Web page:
Immune system has specificity and memory which is not seen with any other therapeutic modality. RT has the potential to increase the impact of the immune system by enhancing the expression of pro immunogenic molecules and in turn the immune system also compliments the response to RT. RT and immunotherapy together mediate their anti-tumor effects by a dynamic interplay of CD8+ cytotoxic T cells, CD4+ effector T cells and T regulatory cells modulation. Among the primary lymphoid organs, RT dose to bone marrow is well known to be immunosuppressive studied in the context of medulloblastoma, total body irradiation and pelvic malignancies [6,7] Dose to the secondary lymphoid organs like spleen has been reported recently as an independent predictor of increased mortality secondary to lymphopenia in pancreatic cancer.  Researchers from John Hopkins have shown that lymphopenia due to RT dose to circulating lymphocytes may also be a predictor of poor overall survival in gliomas .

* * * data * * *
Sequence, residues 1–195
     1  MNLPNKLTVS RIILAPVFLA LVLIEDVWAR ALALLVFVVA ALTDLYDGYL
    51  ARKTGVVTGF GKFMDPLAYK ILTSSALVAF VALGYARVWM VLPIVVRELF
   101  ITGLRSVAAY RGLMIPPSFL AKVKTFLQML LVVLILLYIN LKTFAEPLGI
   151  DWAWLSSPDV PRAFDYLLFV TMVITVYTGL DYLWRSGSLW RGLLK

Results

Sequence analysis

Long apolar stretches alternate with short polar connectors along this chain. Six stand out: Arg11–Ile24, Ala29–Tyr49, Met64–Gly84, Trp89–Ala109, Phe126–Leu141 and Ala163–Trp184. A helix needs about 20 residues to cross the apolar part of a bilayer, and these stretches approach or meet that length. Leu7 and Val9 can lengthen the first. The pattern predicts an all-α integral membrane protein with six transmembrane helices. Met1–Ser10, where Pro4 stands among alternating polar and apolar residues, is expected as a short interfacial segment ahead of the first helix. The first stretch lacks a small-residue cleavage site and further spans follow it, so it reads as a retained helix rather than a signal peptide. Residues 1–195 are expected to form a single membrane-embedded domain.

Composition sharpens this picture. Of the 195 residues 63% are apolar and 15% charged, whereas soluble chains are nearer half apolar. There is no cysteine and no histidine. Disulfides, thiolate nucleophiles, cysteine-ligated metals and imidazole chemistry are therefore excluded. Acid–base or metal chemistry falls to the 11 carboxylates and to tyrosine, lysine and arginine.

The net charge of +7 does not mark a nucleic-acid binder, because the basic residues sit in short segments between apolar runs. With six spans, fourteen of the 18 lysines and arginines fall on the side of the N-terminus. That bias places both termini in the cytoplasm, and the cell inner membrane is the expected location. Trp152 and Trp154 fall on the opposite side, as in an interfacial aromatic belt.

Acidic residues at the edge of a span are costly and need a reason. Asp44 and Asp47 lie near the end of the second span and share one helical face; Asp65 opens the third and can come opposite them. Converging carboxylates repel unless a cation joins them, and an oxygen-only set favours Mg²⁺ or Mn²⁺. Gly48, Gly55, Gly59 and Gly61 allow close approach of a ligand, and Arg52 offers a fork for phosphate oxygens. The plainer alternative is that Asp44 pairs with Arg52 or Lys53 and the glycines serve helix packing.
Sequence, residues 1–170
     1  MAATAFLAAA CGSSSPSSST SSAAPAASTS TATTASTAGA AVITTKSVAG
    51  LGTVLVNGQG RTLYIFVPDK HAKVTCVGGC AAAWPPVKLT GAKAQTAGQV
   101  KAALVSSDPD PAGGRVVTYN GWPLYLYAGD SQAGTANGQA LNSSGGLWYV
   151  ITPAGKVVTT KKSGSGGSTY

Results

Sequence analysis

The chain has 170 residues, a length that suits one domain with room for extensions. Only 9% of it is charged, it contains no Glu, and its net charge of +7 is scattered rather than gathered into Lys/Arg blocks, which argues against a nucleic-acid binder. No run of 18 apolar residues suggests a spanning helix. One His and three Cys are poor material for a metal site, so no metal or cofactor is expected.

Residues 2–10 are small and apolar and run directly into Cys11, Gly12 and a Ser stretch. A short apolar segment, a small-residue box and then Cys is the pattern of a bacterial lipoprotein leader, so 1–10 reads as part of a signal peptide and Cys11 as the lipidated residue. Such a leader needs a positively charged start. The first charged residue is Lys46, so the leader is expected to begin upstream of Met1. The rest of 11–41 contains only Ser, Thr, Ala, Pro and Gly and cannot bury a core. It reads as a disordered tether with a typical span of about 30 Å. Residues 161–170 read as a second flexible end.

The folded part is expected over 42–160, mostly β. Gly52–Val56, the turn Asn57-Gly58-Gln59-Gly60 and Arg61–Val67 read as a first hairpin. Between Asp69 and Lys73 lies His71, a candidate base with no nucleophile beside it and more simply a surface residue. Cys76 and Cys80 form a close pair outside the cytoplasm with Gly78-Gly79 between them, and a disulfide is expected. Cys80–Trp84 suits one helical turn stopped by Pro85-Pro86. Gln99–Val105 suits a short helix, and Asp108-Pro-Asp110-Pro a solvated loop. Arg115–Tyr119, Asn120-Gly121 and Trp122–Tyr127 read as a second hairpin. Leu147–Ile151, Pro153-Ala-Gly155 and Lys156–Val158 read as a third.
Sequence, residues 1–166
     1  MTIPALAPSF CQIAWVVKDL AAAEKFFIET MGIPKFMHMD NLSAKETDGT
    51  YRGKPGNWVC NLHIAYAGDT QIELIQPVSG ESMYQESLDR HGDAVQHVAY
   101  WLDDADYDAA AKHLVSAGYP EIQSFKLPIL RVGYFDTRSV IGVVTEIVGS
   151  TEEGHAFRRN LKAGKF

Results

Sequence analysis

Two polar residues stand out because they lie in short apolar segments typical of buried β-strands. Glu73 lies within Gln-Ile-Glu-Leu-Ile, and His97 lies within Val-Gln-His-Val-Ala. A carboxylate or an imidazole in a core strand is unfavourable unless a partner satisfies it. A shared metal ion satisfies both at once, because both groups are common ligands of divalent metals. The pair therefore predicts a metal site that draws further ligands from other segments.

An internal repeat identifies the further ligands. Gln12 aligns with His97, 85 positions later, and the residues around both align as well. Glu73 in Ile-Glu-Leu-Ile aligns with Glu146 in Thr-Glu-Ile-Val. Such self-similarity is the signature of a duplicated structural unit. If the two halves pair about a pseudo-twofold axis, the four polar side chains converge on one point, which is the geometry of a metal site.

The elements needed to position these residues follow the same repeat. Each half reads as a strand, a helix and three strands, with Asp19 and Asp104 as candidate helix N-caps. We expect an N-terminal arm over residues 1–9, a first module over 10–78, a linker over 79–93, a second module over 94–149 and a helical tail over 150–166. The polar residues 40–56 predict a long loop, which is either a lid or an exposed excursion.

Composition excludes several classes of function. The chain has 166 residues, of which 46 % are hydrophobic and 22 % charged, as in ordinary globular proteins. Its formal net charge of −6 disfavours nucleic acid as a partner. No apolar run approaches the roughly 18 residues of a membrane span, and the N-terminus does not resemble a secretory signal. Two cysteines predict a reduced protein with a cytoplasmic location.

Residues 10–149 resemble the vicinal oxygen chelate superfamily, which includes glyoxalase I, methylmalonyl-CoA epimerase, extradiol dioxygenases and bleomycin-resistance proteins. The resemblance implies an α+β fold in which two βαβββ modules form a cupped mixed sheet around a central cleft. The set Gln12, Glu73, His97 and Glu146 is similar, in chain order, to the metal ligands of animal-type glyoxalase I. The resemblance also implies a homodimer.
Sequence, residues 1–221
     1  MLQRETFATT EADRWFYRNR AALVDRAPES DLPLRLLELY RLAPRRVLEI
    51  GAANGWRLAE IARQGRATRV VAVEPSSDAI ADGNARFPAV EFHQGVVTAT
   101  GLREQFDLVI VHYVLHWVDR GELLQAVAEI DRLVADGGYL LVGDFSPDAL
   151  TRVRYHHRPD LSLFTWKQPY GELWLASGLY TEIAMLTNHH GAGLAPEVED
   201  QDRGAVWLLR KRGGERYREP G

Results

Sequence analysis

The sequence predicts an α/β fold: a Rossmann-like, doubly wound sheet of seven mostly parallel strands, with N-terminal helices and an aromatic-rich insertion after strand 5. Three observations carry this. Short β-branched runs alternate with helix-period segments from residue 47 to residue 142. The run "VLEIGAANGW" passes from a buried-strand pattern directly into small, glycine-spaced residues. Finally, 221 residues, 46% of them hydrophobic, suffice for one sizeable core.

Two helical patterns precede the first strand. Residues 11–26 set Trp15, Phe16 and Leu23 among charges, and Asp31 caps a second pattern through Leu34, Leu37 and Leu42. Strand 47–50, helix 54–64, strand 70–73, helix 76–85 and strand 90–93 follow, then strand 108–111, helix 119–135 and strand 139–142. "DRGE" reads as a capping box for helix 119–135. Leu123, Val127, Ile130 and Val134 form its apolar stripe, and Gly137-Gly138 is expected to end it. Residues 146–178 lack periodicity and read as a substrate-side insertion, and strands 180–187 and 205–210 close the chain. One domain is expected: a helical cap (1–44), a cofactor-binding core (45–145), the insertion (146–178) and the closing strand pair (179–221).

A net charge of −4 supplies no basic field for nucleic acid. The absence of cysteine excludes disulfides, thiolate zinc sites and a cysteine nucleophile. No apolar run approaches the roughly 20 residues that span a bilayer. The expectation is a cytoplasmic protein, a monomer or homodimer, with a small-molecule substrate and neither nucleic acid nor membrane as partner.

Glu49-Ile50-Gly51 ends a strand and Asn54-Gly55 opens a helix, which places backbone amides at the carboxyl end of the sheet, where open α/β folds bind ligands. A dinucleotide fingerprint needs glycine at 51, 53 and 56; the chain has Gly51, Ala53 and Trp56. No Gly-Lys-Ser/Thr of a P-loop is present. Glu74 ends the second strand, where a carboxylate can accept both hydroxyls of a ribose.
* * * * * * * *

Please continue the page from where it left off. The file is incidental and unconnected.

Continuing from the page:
These observations point to the fact that CD4 helper T cells, CD8 effector T cells, T regulatory lymphocytes and B lymphocyte proportions might be altered. Recent studies have shown that RT dose to circulating lymphocytes reduces CD4 helper T cells, CD8 cytotoxic T lymphocytes and proportional increase in T regulatory cells. This alteration in T cell equilibrium might be responsible for reduced immunological cell death and inferior overall survival (OS). The recognition that immune system plays a vital role in tumor surveillance and the advent of immunotherapy has brought the focus on adequate number of lymphocytes in the circulation. Reduced pretreatment lymphocyte count and reduced lymphocyte infiltration in pathologically resected specimens have been associated with poor disease-free survival (DFS) and overall survival (OS) in breast, rectal, glioblastoma multiforme, non-small cell lung cancer and in a vast majority of tumors.